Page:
200W 136 kHz transmitter
By Claudio Pozzi, IK2PII - May 2001

## 1.  Introduction

My first transmission experiments on 136 kHz band where based on a little TX build around surplus components, particularly the output transformer was wound on a TV EAT transformer. In Italy is impossible to find Philips 3C85 cores.
For 200W transmitter I decided a more professional approach: buy a surplus switching power supply core and design the output transformer according to ARRL Handbook suggestions.
The success was assured at the first try, so I publish my experience for all people interested in this band.

## 2.  Design requirements

• Power supply: my biggest transformer was 200 W 30 V, coming from an old HI-FI amplifier
• Output transformer core: coming from flea market, light blue color, marked as A-438281-2-9H9-3, OD = 47 mm, ID = 24 mm, height = 13 mm. No information about µ
• Output impedance: variable, about 50 ohm.
• Configuration: class D single mosfet
• Mosfet to be used: coming from flea market, with the following characteristics. It's an obsolete (no data sheet could be retrieved) and cheap (1 euro) device and is similar to the well known IRFP450.
 VDSS = 500 V max. ID = 10 A max. PD = 200 W max. RDS(on) = 0,35 ohm (about)

## 3.  Design steps

### 3.1.  Measuring the toroid permeability

Wind the toroid with some turns, use any kind of insulated wire and, according with the table 1, measure the inductance with a suitable instrument.
Then using the TOROID program (TNX G4FGQ, R. J. Edwards), input the mechanical dimensions, try some permeability values ad find the µ value that give a computed inductance close to the measured one (if you are a perfectionist do some form of regression). In my case a µ = 180 resulted in the values reported in the third line of the table 1.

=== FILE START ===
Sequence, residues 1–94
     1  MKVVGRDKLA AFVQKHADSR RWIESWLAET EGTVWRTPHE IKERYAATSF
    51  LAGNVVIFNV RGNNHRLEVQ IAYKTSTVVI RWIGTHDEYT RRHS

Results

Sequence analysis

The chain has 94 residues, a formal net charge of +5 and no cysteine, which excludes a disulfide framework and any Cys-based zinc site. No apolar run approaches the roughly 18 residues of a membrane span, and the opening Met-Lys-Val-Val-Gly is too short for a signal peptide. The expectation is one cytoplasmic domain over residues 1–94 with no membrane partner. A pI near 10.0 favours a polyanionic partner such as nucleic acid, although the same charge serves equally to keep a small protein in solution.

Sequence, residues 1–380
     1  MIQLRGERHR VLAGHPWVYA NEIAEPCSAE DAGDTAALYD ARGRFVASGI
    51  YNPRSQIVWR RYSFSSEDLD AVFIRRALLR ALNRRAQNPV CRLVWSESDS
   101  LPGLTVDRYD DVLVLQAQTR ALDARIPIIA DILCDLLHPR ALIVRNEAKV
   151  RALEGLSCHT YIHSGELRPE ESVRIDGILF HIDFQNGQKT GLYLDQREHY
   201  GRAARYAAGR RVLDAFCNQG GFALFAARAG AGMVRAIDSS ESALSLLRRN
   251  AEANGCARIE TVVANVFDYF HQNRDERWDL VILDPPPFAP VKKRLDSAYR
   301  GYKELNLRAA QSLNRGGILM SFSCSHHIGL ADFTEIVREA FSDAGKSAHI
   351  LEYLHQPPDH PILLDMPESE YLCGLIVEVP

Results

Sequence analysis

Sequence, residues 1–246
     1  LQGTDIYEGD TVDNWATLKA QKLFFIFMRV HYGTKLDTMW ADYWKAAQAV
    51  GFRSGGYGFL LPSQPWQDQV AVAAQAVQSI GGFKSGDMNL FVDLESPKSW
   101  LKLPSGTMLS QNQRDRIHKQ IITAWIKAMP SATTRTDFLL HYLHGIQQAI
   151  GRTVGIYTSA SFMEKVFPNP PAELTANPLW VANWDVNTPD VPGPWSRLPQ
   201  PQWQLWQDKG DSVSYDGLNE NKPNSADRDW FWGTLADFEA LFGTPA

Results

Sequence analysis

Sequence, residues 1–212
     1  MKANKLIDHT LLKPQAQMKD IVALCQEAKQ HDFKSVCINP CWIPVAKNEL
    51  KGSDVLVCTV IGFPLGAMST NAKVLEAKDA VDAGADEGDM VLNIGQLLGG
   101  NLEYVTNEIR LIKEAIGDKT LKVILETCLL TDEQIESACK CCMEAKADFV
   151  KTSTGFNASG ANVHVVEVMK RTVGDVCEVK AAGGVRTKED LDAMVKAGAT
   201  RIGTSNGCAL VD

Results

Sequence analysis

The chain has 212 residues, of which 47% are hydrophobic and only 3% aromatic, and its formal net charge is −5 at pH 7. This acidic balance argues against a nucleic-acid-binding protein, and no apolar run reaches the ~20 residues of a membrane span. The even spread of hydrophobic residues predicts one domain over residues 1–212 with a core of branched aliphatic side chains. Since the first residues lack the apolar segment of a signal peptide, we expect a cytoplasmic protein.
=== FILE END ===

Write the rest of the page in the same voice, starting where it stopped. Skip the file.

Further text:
Table 1 Number of turns (N) 10 15 20 25 30 35 Measured inductance (L, µH) 31 67 115 175 247 351 Computed inductance, given a µ=180 (L, µH) 28,3 63,7 113 177 255 347

### 3.2.  Dimensioning the output stage

Starting with my power supply characteristics I compiled the table 2 with five hypotheses based on my power supply transformer.

 Table 2 Hypothesis 1 2 3 4 5 Vdc (V) 35 35 32 30 33 Idc (A) 4 5 6 6 5 Pin (W) 140 175 192 180 175 Pout (W) 112 140 153 144 132 Zout (ohm) 5,5 4,4 3,3 3,1 4,1 XL  (ohm) (= 6 x Zout) 33 26,4 20 18,6 24,6 L (µH) @ 136 kHz 38,6 31 23,4 21,8 28,8

Pout was computed estimating an efficiency of 80%.
Zout was computed using the ARRL handbook simplified formula:
Zout = Vdc2 / 2Pout   (1)

The complete formula should consider the voltage drop on the mosfet:

Zout = (Vdc - V DS(on))2 / 2Pout   (2)

If you are designing a push pull stage you can apply the following formula: (TNX G0MRF, David Bowman)

Zout (drain to drain) = 2 (Vdc - V DS(on))2 / Pout  (2bis)

The ARRL handbook suggests that RF non resonant transformer must have an inductive reactance (XL) at least 4 times the impedance. I decided to use XL= 6 times the impedance.

On the basis of the preceding experience I decided for the column 5 hypothesis, so for primary winding:

Z = 4.1 ohm   and   L = 28.8 µH

From table 1 the primary winding must have 10 turns (28,3 µH).